1. Unfortunately I can't help you with a direct input since my wife uses a computer for email, web and word, and a TV to watch Grey's anatomy - too each his or her own leisure time I say.

    Still, I'm very curious to know why there aren't more women playing EVE. Might we try to educate ourselves on the subject by asking the opposite question? Why ARE there women playing EVE?

    What makes EVE appealing to them? Could these aspect of the game be better marketed and showcased to other women gamers, which would result in more of them playing.

    If at first we can't explain why they're not playing, maybe we should first answer the question as to why those who are, play in the first place?

    I know, I haven't answered one bit of the questions you've posed. But I'm simply trying to get a hold of the problem from a different perspective.

    Hopefully that will help!

  2. I think that when ambulation is brought in that more women will find this game to their tastes.

  3. Banging their head at the obelisk actually helped out those chimps a lot.

  4. Men like nerdy and manly stuff. Like comic books and videogames. Or music made by people who burn down 1000 year old churches.

    Ask someone who has studied gender issues at a university about it why they think that so few women play videogames. You know, except for the blatant degradation that the sex is put through on a regular basis in this entertainment genre.

    Or maybe Will Wright, as he might have some idea about why everybody who plays the sims is a woman.

    Also, I read this a while ago. But its relevant to this topic:

  5. I'm a dedicated Eve player and female (and OLD, but we won't go there). I was in a regular role-playing group throughout my 20s. When RL jobs and such dissolved my gaming group, I didn't game for many years (not a fan of video games). But I missed it. Eve is the perfect replacement.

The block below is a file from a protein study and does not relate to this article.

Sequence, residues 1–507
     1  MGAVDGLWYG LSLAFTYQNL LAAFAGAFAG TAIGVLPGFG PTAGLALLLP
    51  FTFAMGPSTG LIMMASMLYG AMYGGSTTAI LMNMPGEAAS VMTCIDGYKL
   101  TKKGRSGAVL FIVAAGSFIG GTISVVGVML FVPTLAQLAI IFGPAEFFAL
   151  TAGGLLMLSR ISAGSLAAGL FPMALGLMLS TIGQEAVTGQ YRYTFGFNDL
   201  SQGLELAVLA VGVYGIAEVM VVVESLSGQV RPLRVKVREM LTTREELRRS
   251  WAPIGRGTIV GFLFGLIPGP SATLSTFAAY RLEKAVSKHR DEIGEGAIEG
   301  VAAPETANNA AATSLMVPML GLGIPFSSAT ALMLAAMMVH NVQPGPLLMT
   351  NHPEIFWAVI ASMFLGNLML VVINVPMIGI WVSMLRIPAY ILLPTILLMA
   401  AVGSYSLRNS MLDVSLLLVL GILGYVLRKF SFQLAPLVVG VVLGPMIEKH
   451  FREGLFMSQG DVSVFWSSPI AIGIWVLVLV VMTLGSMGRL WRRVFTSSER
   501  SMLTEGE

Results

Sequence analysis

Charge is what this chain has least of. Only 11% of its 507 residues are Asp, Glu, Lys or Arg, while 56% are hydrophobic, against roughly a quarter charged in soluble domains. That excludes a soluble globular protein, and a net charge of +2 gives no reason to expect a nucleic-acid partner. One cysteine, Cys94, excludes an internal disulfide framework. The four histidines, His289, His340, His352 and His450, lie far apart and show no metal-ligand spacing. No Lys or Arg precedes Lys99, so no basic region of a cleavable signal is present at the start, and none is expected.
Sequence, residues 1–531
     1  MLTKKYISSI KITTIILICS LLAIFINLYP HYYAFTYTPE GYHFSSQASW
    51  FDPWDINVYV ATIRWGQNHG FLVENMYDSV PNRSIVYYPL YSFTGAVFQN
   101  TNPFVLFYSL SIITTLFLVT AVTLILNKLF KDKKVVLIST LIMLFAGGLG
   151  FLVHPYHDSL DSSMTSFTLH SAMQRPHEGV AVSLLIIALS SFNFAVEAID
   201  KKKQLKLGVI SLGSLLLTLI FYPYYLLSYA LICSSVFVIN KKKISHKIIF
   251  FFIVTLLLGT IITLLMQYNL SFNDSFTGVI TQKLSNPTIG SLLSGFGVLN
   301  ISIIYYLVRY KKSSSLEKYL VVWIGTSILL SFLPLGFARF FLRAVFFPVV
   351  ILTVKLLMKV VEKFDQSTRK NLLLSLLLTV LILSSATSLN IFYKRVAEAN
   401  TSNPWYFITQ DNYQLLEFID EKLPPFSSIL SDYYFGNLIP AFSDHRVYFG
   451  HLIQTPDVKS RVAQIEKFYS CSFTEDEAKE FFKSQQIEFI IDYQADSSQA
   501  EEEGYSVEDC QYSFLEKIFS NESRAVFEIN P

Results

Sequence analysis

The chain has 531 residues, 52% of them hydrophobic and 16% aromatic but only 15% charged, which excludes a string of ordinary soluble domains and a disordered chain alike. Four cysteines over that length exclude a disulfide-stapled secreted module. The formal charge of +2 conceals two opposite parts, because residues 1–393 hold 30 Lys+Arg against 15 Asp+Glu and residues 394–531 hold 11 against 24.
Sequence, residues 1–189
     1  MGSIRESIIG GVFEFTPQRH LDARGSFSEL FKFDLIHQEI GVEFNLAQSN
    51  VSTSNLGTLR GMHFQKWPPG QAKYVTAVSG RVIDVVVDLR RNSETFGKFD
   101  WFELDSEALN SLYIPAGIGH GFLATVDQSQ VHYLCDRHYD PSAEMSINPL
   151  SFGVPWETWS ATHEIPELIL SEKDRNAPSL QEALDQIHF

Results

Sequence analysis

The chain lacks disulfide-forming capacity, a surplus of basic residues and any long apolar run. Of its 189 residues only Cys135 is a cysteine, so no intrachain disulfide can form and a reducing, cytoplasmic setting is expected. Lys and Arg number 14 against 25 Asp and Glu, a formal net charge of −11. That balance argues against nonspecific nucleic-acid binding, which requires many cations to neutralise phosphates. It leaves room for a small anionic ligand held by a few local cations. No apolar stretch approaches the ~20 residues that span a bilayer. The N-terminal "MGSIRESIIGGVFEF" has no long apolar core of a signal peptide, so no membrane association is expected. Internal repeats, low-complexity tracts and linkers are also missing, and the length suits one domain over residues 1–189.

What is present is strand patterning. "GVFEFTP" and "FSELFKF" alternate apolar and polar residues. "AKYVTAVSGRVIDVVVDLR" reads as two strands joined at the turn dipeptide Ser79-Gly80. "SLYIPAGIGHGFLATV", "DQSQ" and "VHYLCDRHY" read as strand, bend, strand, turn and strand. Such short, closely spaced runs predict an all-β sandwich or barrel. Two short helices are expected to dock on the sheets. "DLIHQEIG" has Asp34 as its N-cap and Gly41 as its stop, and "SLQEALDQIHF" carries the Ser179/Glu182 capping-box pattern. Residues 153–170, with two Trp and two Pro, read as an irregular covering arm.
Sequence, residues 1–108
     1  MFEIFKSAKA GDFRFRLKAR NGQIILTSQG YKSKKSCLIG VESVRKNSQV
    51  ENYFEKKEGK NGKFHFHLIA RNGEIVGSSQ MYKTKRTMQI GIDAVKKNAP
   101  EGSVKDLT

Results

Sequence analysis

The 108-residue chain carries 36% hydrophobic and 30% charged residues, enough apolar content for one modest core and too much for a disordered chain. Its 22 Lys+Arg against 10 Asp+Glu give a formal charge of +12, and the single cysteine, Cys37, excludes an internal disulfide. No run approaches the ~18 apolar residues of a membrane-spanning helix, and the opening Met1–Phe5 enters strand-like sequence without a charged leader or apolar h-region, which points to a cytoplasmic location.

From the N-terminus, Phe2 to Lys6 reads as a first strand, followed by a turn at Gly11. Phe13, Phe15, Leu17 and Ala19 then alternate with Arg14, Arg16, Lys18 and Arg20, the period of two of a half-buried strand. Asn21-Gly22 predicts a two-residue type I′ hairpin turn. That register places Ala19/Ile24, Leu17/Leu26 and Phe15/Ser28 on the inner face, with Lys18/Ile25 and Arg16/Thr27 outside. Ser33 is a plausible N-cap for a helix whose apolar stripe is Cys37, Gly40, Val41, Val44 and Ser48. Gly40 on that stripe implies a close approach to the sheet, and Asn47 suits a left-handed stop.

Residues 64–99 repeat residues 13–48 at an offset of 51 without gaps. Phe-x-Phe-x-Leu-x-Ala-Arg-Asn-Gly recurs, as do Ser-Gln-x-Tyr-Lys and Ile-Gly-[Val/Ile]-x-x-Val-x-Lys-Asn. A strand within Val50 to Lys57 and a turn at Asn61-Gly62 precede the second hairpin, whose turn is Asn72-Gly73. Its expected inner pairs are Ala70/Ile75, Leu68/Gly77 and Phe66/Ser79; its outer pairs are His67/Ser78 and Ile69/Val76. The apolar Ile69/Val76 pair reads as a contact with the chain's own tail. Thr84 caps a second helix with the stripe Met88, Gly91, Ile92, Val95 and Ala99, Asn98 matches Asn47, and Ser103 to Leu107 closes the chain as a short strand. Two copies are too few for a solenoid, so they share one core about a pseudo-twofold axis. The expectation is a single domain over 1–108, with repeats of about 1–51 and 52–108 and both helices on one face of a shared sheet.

I LOVE the game, bordering dangerously close to addiction (my husband has mentioned the need for a 12 Step Program, Eve Anonymous). I log my two accounts every day for at least an hour...often MANY hours. In fact, because I work at home, I am often logged in and sat in the station, keeping an eye on chat and listening in on Vent while I work.

    The primary appeals of the game for me are its amazing complexity and depth, the social interaction via chat and Vent, and the visually stunning look of Eve that seems to invite such easy immersion into another reality.

    One of the turnoffs for many women could be the foul language and randy (sometimes outright vulgar) talk on Vent and in chat. That doesn't bother me (I am often amused by it, and in fact can compete with the best of them, LOL) But could be offensive enough on some level to many women who try Eve that they are off-put by it. Regardless, I've been made to feel nothing but welcome by the guys...once they get over the shock of hearing a female voice on Vent. Reactions to that can be pretty amusing. I've noticed some teasing among them that they clean up their act when I'm present. That's not my intent nor do I necessarily advocate it, but it is an interesting social side-effect.

    We might be a minority, but I have met quite a few women gamers in Eve; we keep in touch via a private chat. So we ARE out there. And we're coming to take your stuff. LMFAO!!!

  6. My girlfriend and I played a lot of WoW together, leveling multiple 70s and even becoming officers in a raiding guild. She got to know the theorycraft behind her hunter incredibly well - using spreadsheets, programs, and reading the forums - so she's no stranger to geeking it up over a game.

    With that said, she just cannot stand EVE. The clunkiness of the UI, the incredibly steep learning curve, the lack of a real avatar, and the general coldness and inhumanity of the visuals just immediately turned her off from the game. I haven't even been able to get her to try the game again to get interested in the depth of the gameplay - she's interested in hearing about what I'm doing on a high level but just has no desire to actually participate (let's be honest - the ends in the game are exciting, the means generally are not). There's no Orgrimmar in EVE, there's very little sense of place in a visual way - sure, you get to know your corp's HQ or Jita, but these are conceptual "places" - the stations all look the freaking same.